Pekin-Tientsin railway destroyed -- Foresight of French and Russian Ministers--Their guards on their way to Pekin--Pekin in extreme danger--Imperial troops unite with the Boxers-- Imperial favour shown to the rebels--How the Chinese regard our civilisation--Their dream of revenge--H.M.S. flag-ship Centurion and the Whiting, Endymion, and Fame proceed to Taku.
THE developments expected quickly came. The railway between Pekin and Tientsin was torn up in many places, and several station sheds, machine houses, and dwellings of Europens--especially at Yeng-tai, six miles from Pekin-- were destroyed by the Boxers.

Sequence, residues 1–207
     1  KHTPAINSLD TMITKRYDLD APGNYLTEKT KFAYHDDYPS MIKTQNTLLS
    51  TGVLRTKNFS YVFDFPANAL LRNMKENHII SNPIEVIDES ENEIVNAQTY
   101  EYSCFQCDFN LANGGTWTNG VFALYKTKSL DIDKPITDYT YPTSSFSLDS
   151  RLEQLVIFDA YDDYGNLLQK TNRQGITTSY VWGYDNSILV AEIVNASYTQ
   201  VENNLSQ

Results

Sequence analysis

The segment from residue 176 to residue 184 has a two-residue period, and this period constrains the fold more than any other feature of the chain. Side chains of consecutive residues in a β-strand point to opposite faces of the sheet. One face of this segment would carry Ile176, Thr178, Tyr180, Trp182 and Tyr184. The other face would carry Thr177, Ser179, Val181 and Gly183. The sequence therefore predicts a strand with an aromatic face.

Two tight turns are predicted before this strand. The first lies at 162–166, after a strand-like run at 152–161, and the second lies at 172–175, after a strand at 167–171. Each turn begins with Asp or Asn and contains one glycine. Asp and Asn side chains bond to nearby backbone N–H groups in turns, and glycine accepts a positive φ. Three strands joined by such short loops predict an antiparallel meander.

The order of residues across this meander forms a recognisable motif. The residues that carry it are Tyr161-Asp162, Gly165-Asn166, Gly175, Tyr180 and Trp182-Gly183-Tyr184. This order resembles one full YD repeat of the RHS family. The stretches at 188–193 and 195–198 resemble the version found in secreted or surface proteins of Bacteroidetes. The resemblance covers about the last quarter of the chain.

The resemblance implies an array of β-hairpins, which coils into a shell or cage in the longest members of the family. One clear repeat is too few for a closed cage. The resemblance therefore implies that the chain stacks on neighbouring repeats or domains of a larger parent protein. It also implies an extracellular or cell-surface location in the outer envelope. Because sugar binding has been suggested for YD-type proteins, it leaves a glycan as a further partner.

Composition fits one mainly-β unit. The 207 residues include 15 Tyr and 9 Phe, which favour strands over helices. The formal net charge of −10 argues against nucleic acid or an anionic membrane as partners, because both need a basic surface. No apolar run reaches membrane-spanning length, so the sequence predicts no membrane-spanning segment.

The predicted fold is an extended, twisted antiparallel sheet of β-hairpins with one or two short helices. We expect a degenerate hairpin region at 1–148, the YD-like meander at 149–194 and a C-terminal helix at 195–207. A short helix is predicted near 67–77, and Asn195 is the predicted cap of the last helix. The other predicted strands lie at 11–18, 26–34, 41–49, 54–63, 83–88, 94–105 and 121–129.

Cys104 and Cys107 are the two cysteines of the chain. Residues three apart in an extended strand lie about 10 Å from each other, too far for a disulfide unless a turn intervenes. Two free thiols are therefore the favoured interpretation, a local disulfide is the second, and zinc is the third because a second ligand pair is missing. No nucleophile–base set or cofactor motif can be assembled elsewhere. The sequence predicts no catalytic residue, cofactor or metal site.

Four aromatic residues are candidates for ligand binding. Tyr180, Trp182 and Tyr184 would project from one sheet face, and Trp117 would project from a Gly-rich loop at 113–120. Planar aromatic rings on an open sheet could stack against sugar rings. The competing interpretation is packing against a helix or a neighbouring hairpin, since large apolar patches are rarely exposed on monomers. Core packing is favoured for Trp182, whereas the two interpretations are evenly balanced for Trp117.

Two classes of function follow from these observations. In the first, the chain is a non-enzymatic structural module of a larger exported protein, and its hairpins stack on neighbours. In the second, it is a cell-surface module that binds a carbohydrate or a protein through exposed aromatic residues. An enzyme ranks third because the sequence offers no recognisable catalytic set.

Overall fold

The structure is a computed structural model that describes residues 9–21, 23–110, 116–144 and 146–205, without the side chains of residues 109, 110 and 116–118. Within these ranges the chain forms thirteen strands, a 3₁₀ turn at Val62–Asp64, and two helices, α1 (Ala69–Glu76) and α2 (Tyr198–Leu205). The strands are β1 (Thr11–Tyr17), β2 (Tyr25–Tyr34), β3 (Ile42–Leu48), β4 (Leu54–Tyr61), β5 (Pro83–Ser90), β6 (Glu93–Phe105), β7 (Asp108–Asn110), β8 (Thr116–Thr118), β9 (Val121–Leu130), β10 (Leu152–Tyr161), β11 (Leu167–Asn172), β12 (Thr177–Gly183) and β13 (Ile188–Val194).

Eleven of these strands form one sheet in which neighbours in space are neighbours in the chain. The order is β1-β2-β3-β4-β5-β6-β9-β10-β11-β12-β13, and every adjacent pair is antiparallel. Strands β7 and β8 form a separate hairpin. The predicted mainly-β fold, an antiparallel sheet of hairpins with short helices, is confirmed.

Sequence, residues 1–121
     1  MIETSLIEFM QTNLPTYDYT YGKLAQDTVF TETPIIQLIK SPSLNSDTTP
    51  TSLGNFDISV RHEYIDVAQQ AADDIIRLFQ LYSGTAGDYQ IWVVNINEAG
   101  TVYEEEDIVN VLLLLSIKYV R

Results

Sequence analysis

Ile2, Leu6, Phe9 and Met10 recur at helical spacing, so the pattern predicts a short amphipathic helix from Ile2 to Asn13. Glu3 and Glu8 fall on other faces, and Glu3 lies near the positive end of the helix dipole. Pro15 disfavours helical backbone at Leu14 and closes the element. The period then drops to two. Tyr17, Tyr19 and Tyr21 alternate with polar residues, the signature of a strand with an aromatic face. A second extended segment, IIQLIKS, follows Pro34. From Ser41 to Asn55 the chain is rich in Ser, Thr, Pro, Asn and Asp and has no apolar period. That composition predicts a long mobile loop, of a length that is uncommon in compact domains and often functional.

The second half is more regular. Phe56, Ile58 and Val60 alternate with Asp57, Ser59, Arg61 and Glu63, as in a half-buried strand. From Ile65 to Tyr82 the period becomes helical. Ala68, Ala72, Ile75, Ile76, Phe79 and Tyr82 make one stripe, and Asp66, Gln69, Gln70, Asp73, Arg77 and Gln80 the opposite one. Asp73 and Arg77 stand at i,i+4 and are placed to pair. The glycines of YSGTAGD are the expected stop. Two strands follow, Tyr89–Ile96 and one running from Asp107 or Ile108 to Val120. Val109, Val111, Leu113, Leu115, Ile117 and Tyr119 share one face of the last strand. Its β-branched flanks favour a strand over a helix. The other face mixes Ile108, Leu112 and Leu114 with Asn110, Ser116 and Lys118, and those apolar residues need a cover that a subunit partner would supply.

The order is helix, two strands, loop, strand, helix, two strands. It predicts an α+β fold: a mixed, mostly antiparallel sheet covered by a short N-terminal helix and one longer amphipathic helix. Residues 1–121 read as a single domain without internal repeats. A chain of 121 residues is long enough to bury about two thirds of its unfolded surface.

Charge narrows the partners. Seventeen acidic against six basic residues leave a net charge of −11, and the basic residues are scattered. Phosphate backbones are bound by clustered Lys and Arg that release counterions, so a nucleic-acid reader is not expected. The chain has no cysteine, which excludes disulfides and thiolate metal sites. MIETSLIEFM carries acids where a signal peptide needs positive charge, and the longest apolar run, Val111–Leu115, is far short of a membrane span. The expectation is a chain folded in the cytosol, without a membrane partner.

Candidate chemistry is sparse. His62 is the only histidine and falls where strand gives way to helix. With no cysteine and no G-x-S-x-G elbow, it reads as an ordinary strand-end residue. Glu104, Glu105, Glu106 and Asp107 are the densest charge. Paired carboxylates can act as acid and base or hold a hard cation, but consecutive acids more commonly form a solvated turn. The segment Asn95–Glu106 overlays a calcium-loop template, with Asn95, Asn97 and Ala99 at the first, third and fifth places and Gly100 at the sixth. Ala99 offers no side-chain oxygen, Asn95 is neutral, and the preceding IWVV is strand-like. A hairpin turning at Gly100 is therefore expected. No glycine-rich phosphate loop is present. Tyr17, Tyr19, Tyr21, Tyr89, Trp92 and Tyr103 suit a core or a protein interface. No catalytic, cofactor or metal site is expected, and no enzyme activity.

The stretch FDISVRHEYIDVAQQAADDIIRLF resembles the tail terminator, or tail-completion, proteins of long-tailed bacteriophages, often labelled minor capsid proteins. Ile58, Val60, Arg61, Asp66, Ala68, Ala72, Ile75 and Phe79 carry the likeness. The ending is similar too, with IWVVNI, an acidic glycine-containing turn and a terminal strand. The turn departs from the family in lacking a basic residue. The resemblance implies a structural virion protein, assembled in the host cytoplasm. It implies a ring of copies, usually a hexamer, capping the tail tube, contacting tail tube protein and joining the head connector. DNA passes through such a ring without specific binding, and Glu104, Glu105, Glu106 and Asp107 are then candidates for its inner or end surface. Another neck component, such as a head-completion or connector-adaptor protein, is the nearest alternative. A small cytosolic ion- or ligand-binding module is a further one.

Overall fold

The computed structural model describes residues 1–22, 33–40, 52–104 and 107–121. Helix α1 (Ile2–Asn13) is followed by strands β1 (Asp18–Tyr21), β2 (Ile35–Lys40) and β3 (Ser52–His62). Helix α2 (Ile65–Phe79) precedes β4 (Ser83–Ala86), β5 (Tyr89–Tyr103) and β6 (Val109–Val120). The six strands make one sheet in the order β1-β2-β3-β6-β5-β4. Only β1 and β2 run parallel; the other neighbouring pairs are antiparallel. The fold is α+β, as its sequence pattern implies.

The traffic and passenger service was necessarily interrupted; the supposed rebels were not interfered with by the authorities, and the Legations, missionaries, and other residents in Pekin found themselves, all of a sudden, in a somewhat precarious position. Fortunately the telegraph was still working.
The French Minister, who had received from his Government full authority to act on his own judgment, and to call for troops whenever he deemed them urgent, had not waited, like the other foreign Representatives, "twenty- for hours more for further development." He had acted quickly and wisely. So had the Russian Minister; and